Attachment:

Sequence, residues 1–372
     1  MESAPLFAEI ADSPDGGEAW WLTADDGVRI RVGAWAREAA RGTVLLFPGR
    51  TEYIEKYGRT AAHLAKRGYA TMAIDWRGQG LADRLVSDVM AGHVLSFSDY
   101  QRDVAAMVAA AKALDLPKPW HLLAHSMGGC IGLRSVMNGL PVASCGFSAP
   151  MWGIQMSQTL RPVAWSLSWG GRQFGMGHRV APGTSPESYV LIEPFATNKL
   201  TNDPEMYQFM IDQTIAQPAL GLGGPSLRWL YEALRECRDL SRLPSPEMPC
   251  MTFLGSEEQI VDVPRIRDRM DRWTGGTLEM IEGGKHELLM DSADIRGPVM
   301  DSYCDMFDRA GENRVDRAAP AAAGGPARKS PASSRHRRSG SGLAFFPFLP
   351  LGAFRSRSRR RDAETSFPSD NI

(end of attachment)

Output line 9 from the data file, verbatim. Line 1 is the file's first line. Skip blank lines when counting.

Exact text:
   351  LGAFRSRSRR RDAETSFPSD NI